As a motorcyclist, there are several
things to keep in mind when you ride here.
The Legal Stuff
Washington and Oregon both require you
have a current endorsement on your driver's license to operate a motorcycle.
They also require you wear a helmet when you ride. In addition, Oregon requires
you carry proof of insurance specific to your motorcycle.
Being that this area lies smack dab in the
middle of the Cascades and comes with several climate types, the Gorge is always
whipping up it's own weather brew. Even in the summer a beautiful warm day can
turn into a wind guster complete with rain and hail in a short amount of time.
Always pack several layers of clothing and always bring rain gear.
There are two notorious grated bridges in
the Gorge – the Bridge of the Gods and the Hood River bridge. Keep at or below
the posted speed limit as you cross and you'll greatly reduce your chances of an
incident. If the wind is up, ride with extra caution and don't cross if you're
not comfortable doing so. My own experience has shown that Avon Tyres Azaro
Sport Touring treads are the least squirrelly on grated bridges in comparison to
other brands such as Michelin and Dunlop.
The grated bridges also carry a toll in
either direction. While small, it's a pain in the butt reaching into your pocket
for a few coins each time you cross. Plan to place a few in easier-to-reach
places like your tank bag.
The bridges at The Dalles (US-197) and
Goldendale (US-97) are paved.
Motorcycle camping isn't nearly as popular
in the Northwest as it is with our Canadian neighbors to the north. However, if
you're on a budget and don't mind sleeping in the great outdoors it's a fine
alternative to a spendy hotel or cheap motel.
But there's one thing that must be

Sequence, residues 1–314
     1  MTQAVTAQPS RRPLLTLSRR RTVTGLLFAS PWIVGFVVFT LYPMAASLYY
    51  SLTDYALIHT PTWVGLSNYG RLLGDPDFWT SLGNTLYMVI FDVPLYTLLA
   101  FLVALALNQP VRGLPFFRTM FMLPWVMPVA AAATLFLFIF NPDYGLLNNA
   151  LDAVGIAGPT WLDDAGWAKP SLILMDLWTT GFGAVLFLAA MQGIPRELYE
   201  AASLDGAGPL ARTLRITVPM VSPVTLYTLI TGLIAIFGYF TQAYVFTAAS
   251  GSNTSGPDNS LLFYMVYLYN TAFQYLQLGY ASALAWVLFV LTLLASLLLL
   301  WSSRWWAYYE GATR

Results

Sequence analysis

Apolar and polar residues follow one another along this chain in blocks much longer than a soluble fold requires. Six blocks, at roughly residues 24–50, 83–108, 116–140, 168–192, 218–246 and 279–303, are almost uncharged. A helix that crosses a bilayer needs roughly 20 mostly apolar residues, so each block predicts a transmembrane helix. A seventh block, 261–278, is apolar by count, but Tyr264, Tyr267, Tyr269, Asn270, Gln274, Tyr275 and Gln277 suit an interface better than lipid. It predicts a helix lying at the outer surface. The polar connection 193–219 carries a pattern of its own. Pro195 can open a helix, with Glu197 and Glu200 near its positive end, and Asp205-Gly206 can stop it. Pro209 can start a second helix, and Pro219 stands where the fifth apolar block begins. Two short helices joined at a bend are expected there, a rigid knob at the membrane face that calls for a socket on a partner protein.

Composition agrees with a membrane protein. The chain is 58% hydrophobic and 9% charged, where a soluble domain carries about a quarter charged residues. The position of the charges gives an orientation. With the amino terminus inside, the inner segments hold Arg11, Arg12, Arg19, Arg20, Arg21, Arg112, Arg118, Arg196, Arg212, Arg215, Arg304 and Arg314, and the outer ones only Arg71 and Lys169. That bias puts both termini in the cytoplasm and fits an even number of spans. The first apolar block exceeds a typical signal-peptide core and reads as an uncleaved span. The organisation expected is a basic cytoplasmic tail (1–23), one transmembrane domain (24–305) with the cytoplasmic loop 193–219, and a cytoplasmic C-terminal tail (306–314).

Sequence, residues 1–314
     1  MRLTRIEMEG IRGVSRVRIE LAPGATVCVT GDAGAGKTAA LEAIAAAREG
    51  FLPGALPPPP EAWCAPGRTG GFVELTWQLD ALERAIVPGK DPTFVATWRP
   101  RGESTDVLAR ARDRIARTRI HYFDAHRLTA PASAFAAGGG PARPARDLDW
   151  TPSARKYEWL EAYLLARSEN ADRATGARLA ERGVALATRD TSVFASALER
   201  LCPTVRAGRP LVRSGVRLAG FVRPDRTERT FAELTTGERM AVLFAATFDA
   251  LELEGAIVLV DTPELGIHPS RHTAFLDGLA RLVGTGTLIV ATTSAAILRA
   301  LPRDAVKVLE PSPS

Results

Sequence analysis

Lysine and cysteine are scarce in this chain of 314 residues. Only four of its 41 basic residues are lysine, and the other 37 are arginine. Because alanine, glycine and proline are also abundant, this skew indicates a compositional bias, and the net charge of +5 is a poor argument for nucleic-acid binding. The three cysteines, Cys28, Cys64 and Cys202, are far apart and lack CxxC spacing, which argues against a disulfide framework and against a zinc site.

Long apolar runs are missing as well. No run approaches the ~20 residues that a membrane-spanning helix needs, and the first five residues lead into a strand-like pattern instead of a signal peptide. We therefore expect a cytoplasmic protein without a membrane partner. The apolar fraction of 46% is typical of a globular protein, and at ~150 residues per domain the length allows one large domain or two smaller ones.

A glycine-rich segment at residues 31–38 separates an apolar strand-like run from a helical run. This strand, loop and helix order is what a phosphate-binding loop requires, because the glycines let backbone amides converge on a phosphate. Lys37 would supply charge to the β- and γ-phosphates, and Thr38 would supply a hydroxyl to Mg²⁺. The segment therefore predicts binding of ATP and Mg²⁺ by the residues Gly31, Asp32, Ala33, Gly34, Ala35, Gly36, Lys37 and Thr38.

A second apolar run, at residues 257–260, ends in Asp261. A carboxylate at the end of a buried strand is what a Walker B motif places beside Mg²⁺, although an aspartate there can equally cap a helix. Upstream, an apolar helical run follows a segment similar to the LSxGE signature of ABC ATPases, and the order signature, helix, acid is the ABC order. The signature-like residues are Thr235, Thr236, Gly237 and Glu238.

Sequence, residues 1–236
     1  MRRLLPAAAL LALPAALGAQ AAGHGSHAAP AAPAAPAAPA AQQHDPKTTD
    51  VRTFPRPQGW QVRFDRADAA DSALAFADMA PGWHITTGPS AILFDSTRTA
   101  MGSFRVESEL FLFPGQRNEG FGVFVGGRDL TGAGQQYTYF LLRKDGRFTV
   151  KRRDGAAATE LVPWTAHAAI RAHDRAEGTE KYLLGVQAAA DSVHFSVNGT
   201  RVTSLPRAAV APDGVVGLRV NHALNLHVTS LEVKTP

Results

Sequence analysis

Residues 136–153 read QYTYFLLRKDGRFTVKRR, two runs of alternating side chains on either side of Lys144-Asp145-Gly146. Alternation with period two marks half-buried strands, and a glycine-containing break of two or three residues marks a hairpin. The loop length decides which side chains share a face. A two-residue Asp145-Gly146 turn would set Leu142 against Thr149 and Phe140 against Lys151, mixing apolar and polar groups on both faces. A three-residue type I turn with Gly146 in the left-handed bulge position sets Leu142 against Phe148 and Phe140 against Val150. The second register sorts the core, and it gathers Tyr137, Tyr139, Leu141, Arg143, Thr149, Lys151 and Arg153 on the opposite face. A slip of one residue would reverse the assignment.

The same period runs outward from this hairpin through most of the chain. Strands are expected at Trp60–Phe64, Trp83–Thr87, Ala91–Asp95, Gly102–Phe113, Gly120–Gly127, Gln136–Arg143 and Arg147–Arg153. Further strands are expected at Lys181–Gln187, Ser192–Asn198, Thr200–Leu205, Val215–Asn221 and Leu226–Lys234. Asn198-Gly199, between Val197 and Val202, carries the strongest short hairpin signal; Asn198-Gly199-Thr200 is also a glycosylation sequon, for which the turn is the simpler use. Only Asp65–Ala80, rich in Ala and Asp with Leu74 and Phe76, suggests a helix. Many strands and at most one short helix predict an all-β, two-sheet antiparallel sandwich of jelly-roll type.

remembered about the Gorge before laying your body down at the end of the day –
there are trains here that run 24 hours a day!
Pretty much anywhere you camp in
the Gorge you will hear trains. Bring ear plugs (I hope you're wearing them
whenever you ride already) and use them at bedtime.
The other alternative is to camp up yonder
at a myriad of campgrounds that can be accessed in both Washington and Oregon.
Areas such as the Wind River, Hood River and Trout Lake area all sport several
campgrounds each away from the roar of the trains.
There are motels in the key cities
throughout the Gorge including Stevenson, Hood River, Cascade Locks and The
Dalles. Getting into one on a weekday or non-summer weekend is never too tough.
However, in the summer the region hosts a plethora of activities and rooms go
fast, so it's best to plan ahead and make advance reservations.
Hotels and Resorts
There are several hotels and resorts in
the area if you're looking to pamper yourself when you're not in the saddle. For
a bit of historical charm, consider the Hood River Hotel in Hood River or The
Edgefield in Troutdale. For a spa sensation check out the Bonneville Hot Springs
Resort in North Bonneville, or the Carson Hot Springs Resort in Carson. If you
like Yosemite's Awahnee Hotel, check out Skamania Lodge in Stevenson for a
modern day version.
There's no shortage of good food in the
Gorge. Each major population center comes complete with its share of
inexpensive, mid-priced and expensive eateries. Restaurants come and go so it's
almost pointless to list them in a guide such as this. Consult the local Gorge
guides you can find at most gas stations and visitor centers for what's
available at the moment.
Biking & Hiking
There are quite a few places to go hiking
in the Gorge. A cable lock and some hiking shoes are the ingredients you need to
lock down your riding gear and climb a wonder such as Beacon Rock or Dog
Mountain. PacSafe makes a high-quality cable lock that's eight feet long and can
be strung through your pants, jacket and helmet to insure it's there when you
This story has been excerpted from the just released book,
The Sound RIDER! Guide to Motorcycling in the Columbia River Gorge
. To order your copy CLICK HERE.